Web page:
The making of the Manu
October 12, 2012
Manu Tuilagi is one of the key components of the Stuart Lancaster England era © Puma
This time last year, Manu Tuilagi was throwing himself off a ferry in Auckland harbour - an incident which compounded the misery surrounding England's infamous 2011 Rugby World Cup campaign.
It led then England coach Martin Johnson to label him "irresponsible". But fast-forward 12 months and Tuilagi has grown as an individual - both physically and mentally - and has been touted as a potential British & Irish Lion.
It has been a remarkable transformation and there is a clear parallel between the Manu metamorphosis and the change in fortunes of the national side under Stuart Lancaster - it's been a case of boys turning into men.
Despite being 21-years-old and having just 13 Test caps to his name, Tuilagi is viewed as one of the more internationally experienced players of the Lancaster era. There are those whose caps fall near the half-century bracket - such as Toby Flood, Dylan Hartley and Tom Palmer - but the greatest indication of the change that has transpired for England is the fact that the current skipper Chris Robshaw has fewer caps than Tuilagi.
Ever since his debut for the Leicester Tigers, when he shone against the Springboks back in 2009 - something Manu labels as "one of the best, most notable days of my career" - you could be forgiven for believing that his feet have never touched the ground. But Tuilagi's a modest, quietly spoken individual - someone who appears shy when speaking to the media - and the demands of his current life is a far cry from his humble upbringing.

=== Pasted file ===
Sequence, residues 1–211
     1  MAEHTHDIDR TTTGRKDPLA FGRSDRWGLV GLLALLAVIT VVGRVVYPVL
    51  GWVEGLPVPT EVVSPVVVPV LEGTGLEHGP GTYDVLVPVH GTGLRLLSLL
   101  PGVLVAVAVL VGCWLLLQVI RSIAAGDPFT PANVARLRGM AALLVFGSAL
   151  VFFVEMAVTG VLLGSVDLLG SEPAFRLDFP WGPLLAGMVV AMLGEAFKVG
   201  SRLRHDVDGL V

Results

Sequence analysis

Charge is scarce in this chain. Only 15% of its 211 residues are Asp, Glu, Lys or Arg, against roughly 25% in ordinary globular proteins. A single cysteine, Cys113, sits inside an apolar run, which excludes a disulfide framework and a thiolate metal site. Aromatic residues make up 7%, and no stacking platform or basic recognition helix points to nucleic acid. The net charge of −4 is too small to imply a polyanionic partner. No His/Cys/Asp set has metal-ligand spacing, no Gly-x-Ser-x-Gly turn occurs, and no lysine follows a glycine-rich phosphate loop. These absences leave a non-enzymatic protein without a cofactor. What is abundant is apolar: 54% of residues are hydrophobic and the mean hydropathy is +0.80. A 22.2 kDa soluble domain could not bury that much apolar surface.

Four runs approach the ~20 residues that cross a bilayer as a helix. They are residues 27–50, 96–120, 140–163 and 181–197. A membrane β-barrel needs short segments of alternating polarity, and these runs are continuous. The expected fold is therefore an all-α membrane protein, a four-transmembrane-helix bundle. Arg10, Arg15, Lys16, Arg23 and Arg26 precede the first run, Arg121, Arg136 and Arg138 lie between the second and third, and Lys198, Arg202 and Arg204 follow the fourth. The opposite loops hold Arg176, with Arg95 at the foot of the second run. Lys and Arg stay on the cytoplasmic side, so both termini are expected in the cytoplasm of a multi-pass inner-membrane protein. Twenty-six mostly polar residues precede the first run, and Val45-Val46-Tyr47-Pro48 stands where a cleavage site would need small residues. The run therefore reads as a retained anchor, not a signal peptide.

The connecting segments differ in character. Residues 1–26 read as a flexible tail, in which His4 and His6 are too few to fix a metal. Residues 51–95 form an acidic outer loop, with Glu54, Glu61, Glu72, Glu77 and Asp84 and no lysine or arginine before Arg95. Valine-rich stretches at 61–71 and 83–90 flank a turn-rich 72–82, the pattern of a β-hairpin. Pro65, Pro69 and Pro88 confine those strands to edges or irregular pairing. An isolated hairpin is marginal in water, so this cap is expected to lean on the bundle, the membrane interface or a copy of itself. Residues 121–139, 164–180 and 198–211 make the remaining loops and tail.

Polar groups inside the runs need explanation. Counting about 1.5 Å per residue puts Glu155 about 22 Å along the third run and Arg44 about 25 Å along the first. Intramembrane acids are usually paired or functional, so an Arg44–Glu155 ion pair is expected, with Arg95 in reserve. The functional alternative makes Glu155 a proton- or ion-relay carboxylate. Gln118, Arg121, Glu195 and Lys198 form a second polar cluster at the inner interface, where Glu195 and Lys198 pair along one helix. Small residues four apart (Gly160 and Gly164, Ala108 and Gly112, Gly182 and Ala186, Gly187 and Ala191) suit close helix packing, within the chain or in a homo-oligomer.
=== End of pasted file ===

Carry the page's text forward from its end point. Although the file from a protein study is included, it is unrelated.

"It was a case of playing rugby every day at school, after school and in the evening," Tuilagi told ESPN. "It was and still is my life. It was all I ever wanted to do.
"We played in front of houses or any big spaces, any fields. Most of the time we played on our primary school rugby pitch. I used to play barefoot and sometimes we played with a stick or a plastic bottle filled with grass and pretended that was a ball - it was all very different to Leicester."
While the rugby environment has changed, the Tuilagi family values have not. One of six rugby playing brothers, at Leicester Manu has always been Alesana's younger rugby playing brother, or 'one of the Tuilagis'. But that looks like changing. He is now the sole Tuilagi left at the club, with the much-admired Alesana now turning out in Japan, Andy at the Dragons, Henry over in France at Perpignan and Vavae in the PROD2 for Narbonne.
While Manu is now writing scripts of his own out of the shadow of his famous brothers, he admits it will be a tough transition etching out his own path:
"For me I always felt proud to be their brother. I just wanted to be like them. Growing up they inspire me so much so all I wanted to do was train, train, train and get better. They always said just work hard and you don't get anything easy or free. You have to work for it and you have to sacrifice yourself to the game. They always keep saying that to me now and my brothers are always there for me. What I've got now is more than I've ever wanted.